Immutep partners with LabCorp to develop immotherapy diagnostic
Health & Biotech
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Sydney biotech Immutep (ASX:IMM) has partnered with LabCorp (NYSE:LH), licensing technology in its research and development pipeline and providing its expertise in a gene known as LAG-3 so that the US S&P500 component can develop a diagnostic test to help doctors and oncologists select the best therapy for patients.
The LAG-3 gene was discovered in 1990 by Immutep’s chief medical officer, French immunologist Frédéric Triebel. Because it works to regulate the immune system it is the target of over 15 potential therapies being explored in 60 clinical trials around the world, although none have been approved yet. But other drugs targeting different immune checkpoints have been, including Keytruda, Opdivo and Durvalumab, which harness the body’s immune system to target cancer cells.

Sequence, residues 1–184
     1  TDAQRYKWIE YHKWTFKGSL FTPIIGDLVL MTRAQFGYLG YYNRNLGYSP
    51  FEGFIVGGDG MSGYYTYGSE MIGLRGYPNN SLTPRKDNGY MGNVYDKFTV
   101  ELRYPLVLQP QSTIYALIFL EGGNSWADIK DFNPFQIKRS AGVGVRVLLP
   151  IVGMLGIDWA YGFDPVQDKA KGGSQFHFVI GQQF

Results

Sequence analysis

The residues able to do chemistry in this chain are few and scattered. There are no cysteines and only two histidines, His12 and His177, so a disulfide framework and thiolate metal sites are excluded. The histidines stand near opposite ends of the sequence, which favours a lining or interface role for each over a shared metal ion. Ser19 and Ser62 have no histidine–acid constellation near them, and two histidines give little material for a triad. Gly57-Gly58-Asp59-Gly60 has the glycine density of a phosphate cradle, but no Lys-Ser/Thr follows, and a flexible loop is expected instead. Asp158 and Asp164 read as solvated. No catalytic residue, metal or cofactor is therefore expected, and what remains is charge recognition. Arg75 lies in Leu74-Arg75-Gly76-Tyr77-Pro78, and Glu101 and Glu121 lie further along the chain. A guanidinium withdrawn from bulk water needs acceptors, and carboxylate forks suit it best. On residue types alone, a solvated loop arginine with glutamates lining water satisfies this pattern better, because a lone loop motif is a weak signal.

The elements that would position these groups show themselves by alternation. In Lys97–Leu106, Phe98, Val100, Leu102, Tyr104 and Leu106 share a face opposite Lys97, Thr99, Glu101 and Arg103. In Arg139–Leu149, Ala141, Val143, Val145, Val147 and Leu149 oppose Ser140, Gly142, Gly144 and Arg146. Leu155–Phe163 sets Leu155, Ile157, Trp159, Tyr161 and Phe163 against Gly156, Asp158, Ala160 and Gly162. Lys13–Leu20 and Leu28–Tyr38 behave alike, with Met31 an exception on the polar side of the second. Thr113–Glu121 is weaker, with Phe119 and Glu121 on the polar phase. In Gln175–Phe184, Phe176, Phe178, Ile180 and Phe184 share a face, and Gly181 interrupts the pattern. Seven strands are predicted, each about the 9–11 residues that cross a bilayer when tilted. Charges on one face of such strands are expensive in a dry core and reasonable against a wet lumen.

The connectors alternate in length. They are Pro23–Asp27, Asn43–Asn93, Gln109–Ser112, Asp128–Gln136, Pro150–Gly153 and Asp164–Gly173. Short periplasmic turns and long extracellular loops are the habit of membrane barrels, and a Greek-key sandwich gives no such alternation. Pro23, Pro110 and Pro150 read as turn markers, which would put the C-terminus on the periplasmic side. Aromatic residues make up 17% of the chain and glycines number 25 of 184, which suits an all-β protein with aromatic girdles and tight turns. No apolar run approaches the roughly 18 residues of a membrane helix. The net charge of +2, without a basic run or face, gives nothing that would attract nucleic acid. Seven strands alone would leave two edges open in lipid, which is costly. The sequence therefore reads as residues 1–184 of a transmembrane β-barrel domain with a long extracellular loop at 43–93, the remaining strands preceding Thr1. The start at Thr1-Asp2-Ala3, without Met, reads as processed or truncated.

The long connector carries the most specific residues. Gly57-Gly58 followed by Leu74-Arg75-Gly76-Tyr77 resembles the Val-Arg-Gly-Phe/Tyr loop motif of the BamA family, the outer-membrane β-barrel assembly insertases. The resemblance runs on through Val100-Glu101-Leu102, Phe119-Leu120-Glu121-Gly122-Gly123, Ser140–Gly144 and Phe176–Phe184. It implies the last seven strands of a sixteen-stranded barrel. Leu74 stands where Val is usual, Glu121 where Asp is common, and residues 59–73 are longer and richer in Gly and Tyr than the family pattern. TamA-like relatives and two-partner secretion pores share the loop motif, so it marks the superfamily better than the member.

“Over the years, Immutep has generated a significant amount of know-how in immuno-oncology, specifically in terms of LAG-3,” said Immutep chief executive Marc Voigt.
The company’s lead drug candidate, “efti”, is a soluble LAG-3 protein being evaluated in clinical trials to treat several different cancers.
Under the agreement, Immutep is eligible to receive an upfront fee of $US125,000 and potential further commercial milestone and service payments.
Bell Potter said in a note that it was “pleasantly surprised” by this development.
“IMM could not have hoped for a better partner to enter the diagnostics field with and LabCorp’s interest in collaborating with IMM is a huge validation for IMM’s expertise and leadership in LAG-3.”
LabCorp had been at the forefront of diagnostics for the checkpoint inhibitor PD-1 – the gene targeted by Keytruda, Opdivo and Litayo – and this shows the company sees a need for diagnostics for anti-LAG-3 therapies, Bell Potter said.
The brokerage retained its speculative buy rating on Immutep, with a 60c price target.
A little after noon, Immutep shares were up 3.9 per cent to 26.5c.